From what I remember, I was about 9 or 10 when my dad introduced me to the Beatles, easily his favorite band (though I think Bread was a close second). The first song I remember hearing was “I want to hold your hand”, and then my world of music was never the same again. This is what would start me out on listening to other “oldies” of the 1960s and 1970s. Even those who don’t like The Beatles cannot deny the influence they have had on music, putting them right on the list of names like Bach, Mozart, Beethoven, and Elvis. The love of the fab four from Liverpool is clearly evident in the movie Yesterday, but its brain is not.
The premise is well known by now: Struggling solo musician Jack Malik (relative newcomer Himesh Patel), once a former teacher and now working part time at a local factory, is about to hang up his guitar strings for good, having only his manager/life long friend Ellie (the always charming Lily James) as his main supporter (even his parents seem hesitant on his musical career). All this changes one night when, as he is riding his bike home, there is a mysterious power surge all over the world that lasts for twelve seconds. This also happens right at the time Jack is hit by a bus, knocking out his two front teeth in the process.
Eventually, he realizes he is the only person left alive who remembers any songs from John, Paul, George, and Ringo (his google searches lead him straight to Beetles and Pope John Paul). While he has some struggle remembering certain song lyrics (mainly Eleanor Rigby), he finds he can become famous by passing the songs as his own (and does a good job of singing them in the process). He becomes so well respected that Ed Sheeran (as himself) says that Jack is Mozart and he is Salieri.
One of the things of the film I was not expecting was that the Beatles would not be the only thing that people have forgotten about. I won’t spoil what they are, but they seemed really superfluous to the film other than some laughs and a product placement (one of the absences would be even more impactful than the absence of The Beatles, without question). Another flaw is the character of Debra, Jack’s new manager. She is played by Kate McKinnon. This is a character that felt totally out of place and even somewhat annoying, going for total schtick. This is in no way a negative take on McKinnon (who has done wonderful work on SNL.)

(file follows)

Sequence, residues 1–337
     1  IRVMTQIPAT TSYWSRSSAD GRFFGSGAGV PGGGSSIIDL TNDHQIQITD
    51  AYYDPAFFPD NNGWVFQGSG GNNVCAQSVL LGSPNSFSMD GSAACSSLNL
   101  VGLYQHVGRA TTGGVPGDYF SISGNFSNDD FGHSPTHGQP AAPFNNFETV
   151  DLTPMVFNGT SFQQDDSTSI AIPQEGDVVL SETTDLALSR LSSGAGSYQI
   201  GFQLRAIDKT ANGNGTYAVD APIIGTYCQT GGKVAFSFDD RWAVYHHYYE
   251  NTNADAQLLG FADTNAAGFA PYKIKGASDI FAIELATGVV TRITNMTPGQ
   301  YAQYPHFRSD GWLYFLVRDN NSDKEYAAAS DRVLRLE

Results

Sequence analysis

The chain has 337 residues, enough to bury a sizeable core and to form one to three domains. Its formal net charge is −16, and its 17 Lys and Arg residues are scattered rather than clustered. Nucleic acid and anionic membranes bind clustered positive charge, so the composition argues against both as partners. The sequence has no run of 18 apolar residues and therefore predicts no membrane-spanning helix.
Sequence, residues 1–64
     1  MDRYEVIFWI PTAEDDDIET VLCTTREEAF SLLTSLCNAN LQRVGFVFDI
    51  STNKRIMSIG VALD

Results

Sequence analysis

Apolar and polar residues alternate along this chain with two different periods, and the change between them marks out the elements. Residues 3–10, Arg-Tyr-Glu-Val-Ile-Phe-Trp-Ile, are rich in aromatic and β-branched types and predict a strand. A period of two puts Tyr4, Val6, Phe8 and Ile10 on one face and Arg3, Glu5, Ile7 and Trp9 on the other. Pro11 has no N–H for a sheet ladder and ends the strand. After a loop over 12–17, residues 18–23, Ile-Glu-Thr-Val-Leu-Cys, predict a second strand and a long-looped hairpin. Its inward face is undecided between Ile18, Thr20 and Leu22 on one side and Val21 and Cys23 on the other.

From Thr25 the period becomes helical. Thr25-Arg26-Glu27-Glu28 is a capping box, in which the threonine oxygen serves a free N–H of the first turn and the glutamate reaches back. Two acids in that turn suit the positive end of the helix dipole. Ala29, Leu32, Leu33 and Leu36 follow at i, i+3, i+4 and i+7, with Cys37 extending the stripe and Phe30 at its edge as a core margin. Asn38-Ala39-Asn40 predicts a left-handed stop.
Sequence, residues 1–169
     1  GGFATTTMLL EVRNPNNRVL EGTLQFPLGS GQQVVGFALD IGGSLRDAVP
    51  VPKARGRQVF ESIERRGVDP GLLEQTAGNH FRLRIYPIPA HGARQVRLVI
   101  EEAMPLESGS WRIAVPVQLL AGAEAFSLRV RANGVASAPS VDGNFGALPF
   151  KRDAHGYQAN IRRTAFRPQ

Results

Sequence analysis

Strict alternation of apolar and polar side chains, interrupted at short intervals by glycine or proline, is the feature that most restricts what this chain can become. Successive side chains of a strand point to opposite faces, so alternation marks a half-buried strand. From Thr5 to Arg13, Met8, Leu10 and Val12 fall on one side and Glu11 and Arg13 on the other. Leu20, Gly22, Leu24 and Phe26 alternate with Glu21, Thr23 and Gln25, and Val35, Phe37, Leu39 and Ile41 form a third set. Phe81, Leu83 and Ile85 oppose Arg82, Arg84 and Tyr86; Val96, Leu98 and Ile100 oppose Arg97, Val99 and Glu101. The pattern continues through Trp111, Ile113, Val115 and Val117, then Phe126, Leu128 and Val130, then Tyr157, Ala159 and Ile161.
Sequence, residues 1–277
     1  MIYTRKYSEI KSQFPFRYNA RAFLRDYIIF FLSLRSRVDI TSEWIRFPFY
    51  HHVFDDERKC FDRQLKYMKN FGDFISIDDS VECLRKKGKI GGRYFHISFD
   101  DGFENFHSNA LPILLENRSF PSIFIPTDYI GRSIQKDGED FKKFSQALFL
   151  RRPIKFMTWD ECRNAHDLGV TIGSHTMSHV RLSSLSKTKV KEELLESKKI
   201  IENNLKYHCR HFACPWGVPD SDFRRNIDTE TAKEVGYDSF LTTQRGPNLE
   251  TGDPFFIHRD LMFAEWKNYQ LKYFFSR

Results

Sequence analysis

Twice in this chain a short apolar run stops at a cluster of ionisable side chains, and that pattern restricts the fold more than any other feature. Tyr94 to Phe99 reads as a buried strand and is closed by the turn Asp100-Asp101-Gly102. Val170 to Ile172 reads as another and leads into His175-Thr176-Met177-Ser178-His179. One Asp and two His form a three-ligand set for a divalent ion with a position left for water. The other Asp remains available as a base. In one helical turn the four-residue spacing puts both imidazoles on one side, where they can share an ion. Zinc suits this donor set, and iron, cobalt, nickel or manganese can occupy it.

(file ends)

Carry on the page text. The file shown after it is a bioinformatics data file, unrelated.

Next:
Parents, the movie is a very soft PG-13. There is swearing, but very little violence (just the aftermath of Jack’s accident). There is also mild suggestive material, but it does not get past lots of kissing. I would think that mature middle schoolers and up are okay.
One thing the movie does get right is the zeal that Jack has for the Beatles (such as his reaction to Ed trying to change the name of “Hey Jude”). Sure, he can use the money, but at the core of it all he is trying to make sure people here songs from the most influential band of all time. This got me thinking: What if I got up one day, and somehow found myself to be the only person alive who has heard about Jesus Christ? While I would assume my first reaction would be utter shock, how would I get his message across? How much fervor would be behind it? Even now, when not alone in knowing the name of Christ (who the Beatles did say they were more popular than at one point), how much joy do I have in proclaiming his name to all?
Yesterday was written by Richard Curtis (who wrote 2003’s wonderful all star cast rom-com Love Actually), and was directed by the very talented Danny Boyle (who won an Oscar for his 2008 capraesque like Slumdog Millionaire). Their work on Yesterday, though well intended, falls short of their previous works, as well as other films revolving around The Beatles such as the underrated Across the Universe (2007) and (perhaps the best of the fab four flicks) A Hard Day’s Night (1964). As a relatively loyal fan of the band, I will stick with those films and the original tracks.
Ob-La-di, Ob-La-Da. Life still goes on.
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[…] my review on the film Yesterday (of which I was not a fan), I said that one thing that film got right was the zeal that the […]